Many things can cause an IT organization to fail but what I’ve observed in hundreds of companies and in more than 20 years of managing IT resources is that there are three main culprits:
- IT – Business disconnect
- Project failure
- Poor communication
Understand these three problems and do a few things to prevent them positions your IT organization to achieve much more success.
Threat #1: IT – Business disconnect
Simply put, your IT organization is out of sync with what the business needs from you. The company needs you to focus on “A, B and C” but IT is working on “X, Y and Z”.
Many studies over the years have suggested this happens over 50% of the time. Plus, CEO and CIO surveys consistently place “keeping IT in sync with the business” as one of their top concerns.
Interestingly, discovering whether or not a disconnect exists between IT and the business is a simple task and takes very little time for an experienced CIO or consultant. So why are so many IT organizations out of sync with the business operations they support?
An IT – Business disconnect occurs primarily because the senior IT manager or CIO does not realize his/her organization is focused on the wrong things. They are certainly not out of sync intentionally. In fact, they believe their focus is exactly what their company needs from them.
Threat #2: Project failure
The second major threat to IT success is failing to deliver projects successfully.
You may not realize it but IT project failure was instrumental in creating the project management industry. Before computers were introduced in the 1950’s we did not have this concept called “project management”.
The Project Management Institute (PMI) was created in 1969 and project management took off as the IT industry grew exponentially in the 70’s and 80’s.
By the early ’90s, most companies of any size were using computers to process payroll, general ledger and other mission critical applications. The IT organizations of these companies were also building a reputation of failing to deliver projects successfully.
Project failure destroys IT credibility so it’s a key component for IT success.
Threat #3: Poor communication
The third threat is the biggest threat because it has a lot to do with what causes the other two threats. Let me explain:
An IT – Business disconnect occurs when IT management does not communicate well with the senior management team. If you communicate what you recommend the IT organization should work on and gain confirmation from the senior managers of your company, you won’t have a disconnect.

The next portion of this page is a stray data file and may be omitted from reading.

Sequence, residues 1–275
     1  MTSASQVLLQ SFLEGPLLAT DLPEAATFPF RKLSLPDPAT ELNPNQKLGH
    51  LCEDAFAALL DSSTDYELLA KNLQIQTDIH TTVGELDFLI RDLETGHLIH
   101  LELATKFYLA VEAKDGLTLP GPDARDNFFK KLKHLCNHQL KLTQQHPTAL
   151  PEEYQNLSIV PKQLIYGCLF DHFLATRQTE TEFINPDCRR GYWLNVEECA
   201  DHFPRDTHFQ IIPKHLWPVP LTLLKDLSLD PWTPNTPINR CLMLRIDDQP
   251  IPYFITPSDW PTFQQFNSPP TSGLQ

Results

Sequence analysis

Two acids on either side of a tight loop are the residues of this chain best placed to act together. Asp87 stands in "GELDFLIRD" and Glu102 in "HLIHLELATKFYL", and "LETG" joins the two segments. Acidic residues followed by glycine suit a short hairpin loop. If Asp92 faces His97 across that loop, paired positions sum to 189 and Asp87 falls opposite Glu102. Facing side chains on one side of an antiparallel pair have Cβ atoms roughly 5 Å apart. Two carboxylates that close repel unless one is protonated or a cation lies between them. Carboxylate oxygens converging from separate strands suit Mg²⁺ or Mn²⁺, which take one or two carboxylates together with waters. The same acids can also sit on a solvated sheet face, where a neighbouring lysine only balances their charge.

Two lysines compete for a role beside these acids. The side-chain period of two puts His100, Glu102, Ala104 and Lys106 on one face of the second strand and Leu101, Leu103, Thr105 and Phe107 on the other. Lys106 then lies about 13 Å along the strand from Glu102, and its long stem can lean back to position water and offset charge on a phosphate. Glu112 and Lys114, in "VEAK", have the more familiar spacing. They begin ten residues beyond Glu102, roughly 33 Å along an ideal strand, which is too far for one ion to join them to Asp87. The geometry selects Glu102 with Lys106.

Project failure often occurs when IT people start working on a project before quantifying what the specific objectives, deliverables and timing will be and getting agreement from the project sponsor. You can’t succeed if you fail to establish these expectations on the front end of a project.
IT managers in general have historically had a reputation of being poor communicators. It’s a label we unfortunately earn because the fact is that most IT managers actually do struggle in this area.
A big reason for this is that from my research and experience I’ve concluded that over 70% in IT are shy or introverted. People with a shy and introverted personality trait do not invest in their communication skills and they don’t view communication as all that important.
IT employees are more technically oriented than socially oriented; it’s one of the traits that attracts people to IT type of work. There is nothing wrong with this but it can make IT management very difficult because effective communication is a key ingredient to achieving IT success.
I coined the phrase, “Triple Threat to IT Success™” in 2005 to help me discuss the three major issues that cause an IT organization to fail. Being aware of these issues and taking measures to overcome them will position you for more IT success.
Download a 1-page flyer that identifies the triple threat and includes tips to prevent them in your company at http://mde.net/triple.pdf.
This article first appeared in my CIO.com Blog, Practical Management Tips for IT Leaders
To maintain PMP status (PMI’s Project Management Professional certification), you are required to obtain 60 professional development units (PDU’s) every three years.
One of my students just told me he received 25 PDU’s after he requested PDU credit for attending the IT Manager Institute Self Study.
Here is what he received from PMI:
Activity Title: IT Business Manager Training and Certification
For Credential: PMP
— Technical: 5:00
— Leadership: 10.00
— Strategic/Business: 10.00
Prior to submitting his PDU request to PMI for approval, he asked me for information describing the IT Manager Institute. Below is what I sent him:
IT Manager Institute Program Overview
The IT Manager Institute provides practical processes, tools and templates to help IT managers of the world achieve more success. The program includes straightforward “how to” approaches and insights to manage IT organizations at any level more effectively. The Institute is a 25-hour program delivered in classroom, live webinar and in an online self-study program. It also includes a 5-part exam to qualify managers for IT Business Manager Certification (ITBMC) status plus bonus resources valued at over $1,000.
Session 1 – IT Manager Foundation 3 hours
Learn about the Triple Threat to IT Success™, key traits of a successful IT manager, and about the work behavior dynamics of IT employees that both help and hinder their efforts. This foundation material will help you understand “why” things happen as you learn best practices in how to manage technology resources effectively.